Of the foregoing compounds, examples of more preferred lipopeptide compounds include N-lauroyl-Gly-His, N-lauroyl-Gly-Trp, N-lauroyl-Gly-Gln, N-lauroyl-Gly-Asn, N-lauroyl-Gly-Lys, N-lauroyl-Ala-His, N-lauroyl-Ala-Trp, N-lauroyl-Ala-Gln, N-lauroyl-Ala-Asn, N-lauroyl-Ala-Lys, N-lauroyl-Val-His, N-lauroyl-Val-Trp, N-lauroyl-Val-Gln, N-lauroyl-Val-Asn, N-lauroyl-Val-Lys, N-myristoyl-Gly-His, N-myristoyl-Gly-Trp, N-myristoyl-Gly-Gln, N-myristoyl-Gly-Asn, N-myristoyl-Gly-Lys, N-myristoyl-Ala-His, N-myristoyl-Ala-Trp, N-myristoyl-Ala-Gln, N-myristoyl-Ala-Asn, N-myristoyl-Ala-Lys, N-myristoyl-Val-His, N-myristoyl-Val-Trp, N-myristoyl-Val-Gln, N-myristoyl-Val-Asn, N-myristoyl-Val-Lys, N-palmitoyl-Gly-His, N-palmitoyl-Gly-Trp, N-palmitoyl-Gly-Gln, N-palmitoyl-Gly-Asn, N-palmitoyl-Gly-Lys, N-palmitoyl-Ala-His, N-palmitoyl-Ala-Trp, N-palmitoyl-Ala-Gln, N-palmitoyl-Ala-Asn, N-palmitoyl-Ala-Lys, N-palmitoyl-Val-His, N-palmitoyl-Val-Trp, N-palmitoyl-Val-Gln, N-palmitoyl-Val-Asn, N-palmitoyl-Val-Lys, N-margaroyl-Gly-His, N-margaroyl-Gly-Trp, N-margaroyl-Gly-Gln, N-margaroyl-Gly-Asn, N-margaroyl-Gly-Lys, N-margaroyl-Ala-His, N-margaroyl-Ala-Trp, N-margaroyl-Ala-Gln, N-margaroyl-Ala-Asn, N-margaroyl-Ala-Lys, N-margaroyl-Val-His, N-margaroyl-Val-Trp, N-margaroyl-Val-Gln, N-margaroyl-Val-Asn, N-margaroyl-Val-Lys, N-margaroyl-Gly-His, N-margaroyl-Gly-Trp, N-margaroyl-Gly-Gln, N-margaroyl-Gly-Asn, N-margaroyl-Gly-Lys, N-margaroyl-Ala-His, N-margaroyl-Ala-Trp, N-margaroyl-Ala-Gln, N-margaroyl-Ala-Asn, N-margaroyl-Ala-Lys, N-margaroyl-Val-His, N-margaroyl-Val-Trp, N-margaroyl-Val-Gln, N-margaroyl-Val-Asn, N-margaroyl-Val-Lys, N-stearoyl-Gly-His, N-stearoyl-Gly-Trp, N-stearoyl-Gly-Gln, N-stearoyl-Gly-Asn, N-stearoyl-Gly-Lys, N-stearoyl-Ala-His, N-stearoyl-Ala-Trp, N-stearoyl-Ala-Gln, N-stearoyl-Ala-Asn, N-stearoyl-Ala-Lys, N-stearoyl-Val-His, N-stearoyl-Val-Trp, N-stearoyl-Val-Gln, N-stearoyl-Val-Asn, N-stearoyl-Val-Lys, N-elaidoyl-Gly-His, N-elaidoyl-Gly-Trp, N-elaidoyl-Gly-Gln, N-elaidoyl-Gly-Asn, N-elaidoyl-Gly-Lys, N-elaidoyl-Ala-His, N-elaidoyl-Ala-Trp, N-elaidoyl-Ala-Gln, N-elaidoyl-Ala-Asn, N-elaidoyl-Ala-Lys, N-elaidoyl-Val-His, N-elaidoyl-Val-Trp, N-elaidoyl-Val-Gln, N-elaidoyl-Val-Asn, N-elaidoyl-Val-Lys, N-arachidoyl-Gly-His, N-arachidoyl-Gly-Trp, N-arachidoyl-Gly-Gln, N-arachidoyl-Gly-Asn, N-arachidoyl-Gly-Lys, N-arachidoyl-Ala-His, N-arachidoyl-Ala-Trp, N-arachidoyl-Ala-Gln, N-arachidoyl-Ala-Asn, N-arachidoyl-Ala-Lys, N-arachidoyl-Val-His, N-arachidoyl-Val-Trp, N-arachidoyl-Val-Gln, N-arachidoyl-Val-Asn, N-arachidoyl-Val-Lys, N-behenoyl-Gly-His, N-behenoyl-Gly-Trp, N-behenoyl-Gly-Gln, N-behenoyl-Gly-Asn, N-behenoyl-Gly-Lys, N-behenoyl-Ala-His, N-behenoyl-Ala-Trp, N-behenoyl-Ala-Gln, N-behenoyl-Ala-Asn, N-behenoyl-Ala-Lys, N-behenoyl-Val-His, N-behenoyl-Val-Trp, N-behenoyl-Val-Gln, N-behenoyl-Val-Asn, and N-behenoyl-Val-Lys.

Examples of the most preferred compounds include N-lauroyl-Ala-His, N-lauroyl-Ala-Trp, N-lauroyl-Gly-His, N-lauroyl-Gly-Gln, N-lauroyl-Gly-Asn, N-lauroyl-Gly-Lys, N-myristoyl-Gly-His, N-myristoyl-Gly-Gln, N-myristoyl-Gly-Asn, N-myristoyl-Gly-Lys, N-palmitoyl-Gly-His, N-palmitoyl-Gly-Trp, N-palmitoyl-Gly-Gln, N-palmitoyl-Gly-Asn, N-palmitoyl-Gly-Lys, N-palmitoyl-Ala-His, N-palmitoyl-Ala-Trp, N-palmitoyl-Ala-Gln, N-palmitoyl-Ala-Asn, N-palmitoyl-Ala-Lys, N-palmitoyl-Val-His, N-palmitoyl-Val-Trp, N-palmitoyl-Val-Gln, N-palmitoyl-Val-Asn, N-palmitoyl-Val-Lys, N-margaroyl-Gly-His, N-margaroyl-Gly-Gln, N-margaroyl-Gly-Asn, N-margaroyl-Gly-Lys, N-margaroyl-Gly-His, N-margaroyl-Gly-Gln, N-margaroyl-Gly-Asn, N-margaroyl-Gly-Lys, N-stearoyl-Gly-His, N-stearoyl-Gly-Gln, N-stearoyl-Gly-Asn, N-stearoyl-Gly-Lys, N-elaidoyl-Gly-His, N-elaidoyl-Gly-Gln, N-elaidoyl-Gly-Asn, N-elaidoyl-Gly-Lys, N-arachidoyl-Gly-His, N-arachidoyl-Gly-Gln, N-arachidoyl-Gly-Asn, N-arachidoyl-Gly-Lys, N-behenoyl-Gly-His, N-behenoyl-Gly-Gln, N-behenoyl-Gly-Asn, and N-behenoyl-Gly-Lys.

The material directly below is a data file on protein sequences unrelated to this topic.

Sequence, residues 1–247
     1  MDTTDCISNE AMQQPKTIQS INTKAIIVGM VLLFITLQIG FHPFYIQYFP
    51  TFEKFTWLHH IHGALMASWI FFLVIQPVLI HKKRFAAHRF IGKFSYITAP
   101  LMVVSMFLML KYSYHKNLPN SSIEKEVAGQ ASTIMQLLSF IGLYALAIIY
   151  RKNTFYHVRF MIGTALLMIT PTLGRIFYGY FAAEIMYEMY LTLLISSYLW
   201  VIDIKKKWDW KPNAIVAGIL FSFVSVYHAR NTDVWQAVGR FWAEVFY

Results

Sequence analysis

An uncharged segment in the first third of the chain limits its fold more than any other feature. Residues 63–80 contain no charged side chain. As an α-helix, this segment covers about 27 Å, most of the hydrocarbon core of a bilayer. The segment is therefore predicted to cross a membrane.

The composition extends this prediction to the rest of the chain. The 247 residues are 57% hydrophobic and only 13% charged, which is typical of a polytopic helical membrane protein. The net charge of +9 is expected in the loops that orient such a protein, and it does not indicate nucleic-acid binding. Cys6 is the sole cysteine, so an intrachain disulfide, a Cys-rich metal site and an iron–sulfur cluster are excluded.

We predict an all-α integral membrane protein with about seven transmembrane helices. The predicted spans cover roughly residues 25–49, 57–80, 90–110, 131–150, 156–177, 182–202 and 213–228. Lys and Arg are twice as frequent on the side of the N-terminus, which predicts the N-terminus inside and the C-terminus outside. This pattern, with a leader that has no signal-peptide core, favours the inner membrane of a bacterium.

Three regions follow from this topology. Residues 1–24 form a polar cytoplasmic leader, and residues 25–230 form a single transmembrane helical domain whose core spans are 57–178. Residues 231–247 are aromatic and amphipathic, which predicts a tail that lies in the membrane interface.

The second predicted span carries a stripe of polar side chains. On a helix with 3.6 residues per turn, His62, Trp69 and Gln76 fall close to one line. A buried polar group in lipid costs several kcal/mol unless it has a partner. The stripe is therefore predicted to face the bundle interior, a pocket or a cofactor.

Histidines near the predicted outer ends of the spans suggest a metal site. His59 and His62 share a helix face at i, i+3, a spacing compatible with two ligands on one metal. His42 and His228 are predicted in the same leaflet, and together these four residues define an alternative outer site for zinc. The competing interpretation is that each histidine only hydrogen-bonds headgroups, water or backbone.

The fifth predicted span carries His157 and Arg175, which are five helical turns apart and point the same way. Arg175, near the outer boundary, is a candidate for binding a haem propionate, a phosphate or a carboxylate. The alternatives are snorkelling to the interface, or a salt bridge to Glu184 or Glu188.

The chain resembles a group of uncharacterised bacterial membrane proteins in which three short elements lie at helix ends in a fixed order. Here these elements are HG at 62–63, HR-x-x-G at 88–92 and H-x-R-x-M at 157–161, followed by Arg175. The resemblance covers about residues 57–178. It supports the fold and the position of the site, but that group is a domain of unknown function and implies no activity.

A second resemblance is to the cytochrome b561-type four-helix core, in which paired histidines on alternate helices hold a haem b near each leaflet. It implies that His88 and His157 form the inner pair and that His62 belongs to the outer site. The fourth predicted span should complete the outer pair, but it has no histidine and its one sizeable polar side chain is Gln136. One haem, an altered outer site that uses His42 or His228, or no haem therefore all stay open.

Illustrative, non-limiting, examples of the base used in the reaction of the ester compound of formula (1) with the α-amino acid compound of formula (2) include alkali metals such as metallic sodium and metallic potassium; inorganic acid salts of alkali metals, such as sodium carbonate, potassium carbonate, potassium phosphate and sodium phosphate; alkali metal hydroxides such as sodium hydroxide and potassium hydroxide; alkali metal alkoxides such as sodium methoxide and potassium t-butoxide; fatty amines such as triethylamine and tri-n-butylamine; alicyclic amines such as 1,8-diazabicyclo[5.4.0]-7-undecene (hereinafter referred to as DBU) and 1,5-diazabicyclo[4.3.0]-5-nonene (hereinafter referred to as DBN); aromatic amines such as pyridine and 2-methyl-5-ethylpyridine; and alcohol solutions or alcohol dispersions of such base (solid) compounds. Any one of these may be used singly or two or more may be used in combination.

Of the above bases, from the standpoint of increasing the conversion and further enhancing the yield of the target substance, sodium methoxide, sodium ethoxide, potassium methoxide, potassium ethoxide, potassium t-butoxide, DBU or DBN is preferred. Sodium methoxide or an alcohol solution or alcohol dispersion of these metal alkoxides is preferred.